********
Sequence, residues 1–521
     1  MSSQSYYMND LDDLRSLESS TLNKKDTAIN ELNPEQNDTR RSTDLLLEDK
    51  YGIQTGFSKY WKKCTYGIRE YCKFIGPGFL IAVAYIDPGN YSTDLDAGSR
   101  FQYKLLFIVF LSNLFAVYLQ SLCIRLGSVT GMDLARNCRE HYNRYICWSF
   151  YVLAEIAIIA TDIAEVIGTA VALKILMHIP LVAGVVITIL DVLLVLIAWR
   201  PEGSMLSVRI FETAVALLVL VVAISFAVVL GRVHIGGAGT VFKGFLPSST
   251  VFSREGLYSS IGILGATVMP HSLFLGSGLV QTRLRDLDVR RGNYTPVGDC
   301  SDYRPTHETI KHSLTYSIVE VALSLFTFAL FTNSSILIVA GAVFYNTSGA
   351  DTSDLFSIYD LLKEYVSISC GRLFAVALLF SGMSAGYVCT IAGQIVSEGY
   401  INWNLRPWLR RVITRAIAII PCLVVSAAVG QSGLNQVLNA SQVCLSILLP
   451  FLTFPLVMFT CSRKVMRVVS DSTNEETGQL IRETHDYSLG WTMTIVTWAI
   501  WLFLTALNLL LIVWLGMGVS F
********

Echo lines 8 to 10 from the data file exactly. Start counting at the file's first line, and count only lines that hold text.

   301  SDYRPTHETI KHSLTYSIVE VALSLFTFAL FTNSSILIVA GAVFYNTSGA
   351  DTSDLFSIYD LLKEYVSISC GRLFAVALLF SGMSAGYVCT IAGQIVSEGY
   401  INWNLRPWLR RVITRAIAII PCLVVSAAVG QSGLNQVLNA SQVCLSILLP